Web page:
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FairfaxExotic cars draw a crowd in Tysons

Exotic cars draw a crowd in Tysons

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Drawn by futuristic, classic, limited-edition and specially modified vehicles, plus the chance to enjoy others’ company in the fresh – OK, sometimes exhaust-laden – air, thousands of aficionados flocked to “The Fast & the Flavorful” Car and Food Show on March 7 at Tysons Corner Center.

“Don’t touch the car!” one parent admonished a child – not bad advice, considering that many of the low-slung vehicles were worth at least six figures.

More than 3,500 people – never more than 1,000 at a time, organizers stressed – attended the three-hour-long show, which was held by the Tysons Regional Chamber of Commerce and featured nearly 240 vehicles.

Most spectators gathered on Levels 6 and 7 of Parking Garage E, where the majority of vehicles were on display, but a few supercars also were parked between stores inside.


Ultra-sleek two-seater sports cars – including ones made by Ferrari, Lamborghini, Porsche, Audi, Jaguar and McLaren – drew their requisite oohs and aahs at the show.

Mosea Kim displayed his 2014 Lamborghini Aventador, a 50th-anniversary edition that was the 64th of only 100 ever made. Its carbon-fiber shell, covered in dark-gray satin matte paint, has dramatic angles reminiscent of another classic Lamborghini, the Countach.

“This was my dream car since I was a little kid,” he said of the Aventador.
Its manufacturer’s suggested retail price is about $500,000 brand-new and about $350,000 used, said Kim, who has owned his for about two months. A sales team leader in the lucrative cyber-security field, Kim mostly drives his Aventador on Capital Auto Club cruises.

“I’m typically busy during the workday, otherwise I’d drive it more,” he said. “So I really only drive it on the weekends. I could take it to the grocery store, but it tends to attract a lot of attention.”

Some who came to the show were drawn to classic cars, such as a Shelby Cobra open-top racer and an amply curved white Porsche Super 90. Paul Nong of Philadelphia showed up with a red “VeilSide” racing edition of a 1994 Mazda RX-7, which he said had appeared in the movie “The Fast & the Furious: Tokyo Drift.”

“It pushes about 450 horsepower,” Nong said of the car’s rotary engine.
Drivers with whom the Sun Gazette spoke were cagey about just how quickly they’d driven their supercars, but most admitted having gone into the triple digits.

Bob Ziems of Falls Church brought his 2017 Dodge Challenger, which he’d jazzed up with headlamps that turned different colors and a satin-black vinyl wrap for the muscle car’s top section. Ziems said he planned to have the vehicle detailed soon, and was perfectionistic about the car’s finish.

“You can see all the little manifestations” of imperfections in the wrap, he said. “Most people don’t see it, but I do.”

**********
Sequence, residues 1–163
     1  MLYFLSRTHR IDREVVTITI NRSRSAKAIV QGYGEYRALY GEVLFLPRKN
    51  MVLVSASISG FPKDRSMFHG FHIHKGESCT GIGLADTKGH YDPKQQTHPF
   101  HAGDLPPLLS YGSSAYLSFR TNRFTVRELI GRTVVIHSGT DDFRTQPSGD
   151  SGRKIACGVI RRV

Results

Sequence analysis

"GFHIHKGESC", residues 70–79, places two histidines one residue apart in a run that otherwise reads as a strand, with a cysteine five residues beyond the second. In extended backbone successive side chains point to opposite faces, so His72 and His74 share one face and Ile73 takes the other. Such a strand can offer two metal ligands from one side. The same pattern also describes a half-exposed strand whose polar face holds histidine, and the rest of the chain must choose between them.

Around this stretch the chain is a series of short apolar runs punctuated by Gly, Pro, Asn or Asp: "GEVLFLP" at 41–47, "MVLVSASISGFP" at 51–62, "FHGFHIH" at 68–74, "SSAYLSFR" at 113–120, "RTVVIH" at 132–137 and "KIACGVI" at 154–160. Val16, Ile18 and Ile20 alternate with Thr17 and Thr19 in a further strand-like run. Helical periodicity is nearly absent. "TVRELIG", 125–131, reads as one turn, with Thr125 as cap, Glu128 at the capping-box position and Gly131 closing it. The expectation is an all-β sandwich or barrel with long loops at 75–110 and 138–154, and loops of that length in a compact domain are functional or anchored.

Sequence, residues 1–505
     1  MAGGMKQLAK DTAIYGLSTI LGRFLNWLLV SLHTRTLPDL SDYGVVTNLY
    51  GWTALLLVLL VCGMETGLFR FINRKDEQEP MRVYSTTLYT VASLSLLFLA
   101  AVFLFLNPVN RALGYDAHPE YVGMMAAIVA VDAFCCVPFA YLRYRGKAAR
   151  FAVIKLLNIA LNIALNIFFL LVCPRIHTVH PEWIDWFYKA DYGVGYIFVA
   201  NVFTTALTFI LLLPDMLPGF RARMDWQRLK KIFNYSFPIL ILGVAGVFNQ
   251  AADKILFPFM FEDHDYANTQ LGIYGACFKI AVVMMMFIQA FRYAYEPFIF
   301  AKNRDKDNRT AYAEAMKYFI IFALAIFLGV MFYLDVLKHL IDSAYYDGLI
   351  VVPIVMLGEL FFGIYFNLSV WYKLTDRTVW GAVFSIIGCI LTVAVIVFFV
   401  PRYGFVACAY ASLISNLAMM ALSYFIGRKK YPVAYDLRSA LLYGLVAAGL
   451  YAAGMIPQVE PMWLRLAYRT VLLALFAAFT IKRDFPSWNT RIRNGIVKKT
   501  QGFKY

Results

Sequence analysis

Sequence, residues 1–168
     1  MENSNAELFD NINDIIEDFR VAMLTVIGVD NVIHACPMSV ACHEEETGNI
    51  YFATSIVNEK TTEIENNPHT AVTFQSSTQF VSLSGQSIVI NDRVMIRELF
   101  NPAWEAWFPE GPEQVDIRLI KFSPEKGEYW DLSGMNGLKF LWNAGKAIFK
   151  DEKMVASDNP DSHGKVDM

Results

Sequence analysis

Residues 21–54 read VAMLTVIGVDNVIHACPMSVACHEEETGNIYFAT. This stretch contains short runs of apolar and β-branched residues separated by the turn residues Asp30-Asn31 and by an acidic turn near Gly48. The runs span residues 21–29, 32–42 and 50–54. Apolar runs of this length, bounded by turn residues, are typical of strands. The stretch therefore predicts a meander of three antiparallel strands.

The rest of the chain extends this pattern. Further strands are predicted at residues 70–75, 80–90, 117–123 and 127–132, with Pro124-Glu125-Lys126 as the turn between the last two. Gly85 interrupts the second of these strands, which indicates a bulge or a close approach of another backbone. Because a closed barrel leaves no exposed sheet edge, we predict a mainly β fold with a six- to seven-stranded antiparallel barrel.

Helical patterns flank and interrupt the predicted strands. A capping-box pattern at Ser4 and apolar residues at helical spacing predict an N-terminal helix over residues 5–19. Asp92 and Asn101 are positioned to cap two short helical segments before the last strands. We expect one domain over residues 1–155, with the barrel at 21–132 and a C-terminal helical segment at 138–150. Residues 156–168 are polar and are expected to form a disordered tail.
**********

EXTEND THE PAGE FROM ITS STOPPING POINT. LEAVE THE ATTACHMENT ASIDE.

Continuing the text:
Many exhibitors opened their vehicles’ hoods to let admirers marvel the engines’ intricacies. The owners of a tiny red 2008 Lotus Exige S race car went even further, removing many of its body panels to show how much equipment was packed into every crevice.

“At shows like this, you’ve seen all the expensive cars already, so it becomes nothing really that special,” said Welby Luk of Washington, D.C., who is affiliated with the vehicle. “But when you see a car like this – you’ve seen people crowding around it, taking pictures. They’re curious to see what’s underneath. It’s a pretty rare car to find these days.”

Event attendees had the chance to buy $10 raffle tickets to benefit Food for Others, said chamber chairman Andrew Clark. The prize: a free one-day rental of a Lamborghini Huracan, donated by GoExotics.

For safety reasons, organizers omitted planned food tastings and instead directed attendees to restaurants in the mall, some of which were offering special deals, Clark said.

The show also was sponsored by Northwest Federal Credit Union, Tysons Corner Center, Hurley Auto Audio, T&G Real Estate Advisors, Rev Tech Performance and Tailors on Tap and Seasons 52. Capital Auto Club and Tall Guy Auto were the main car clubs represented at the show and helped organize the event, Clark said.

“It was extremely gratifying to see how our organizers and sponsors came together to create this special event and support our retail businesses that have been so impacted during the pandemic,” Clark said. “Attendees said they were extremely impressed with the [event’s] size, safety and quality of the cars, and several exotic-car owners said this was the best car show they had attended in a long time.”

Organizers were “thrilled” with the turnout and resultant business boost for the shopping mall, and plan to do a similar event soon, he said.

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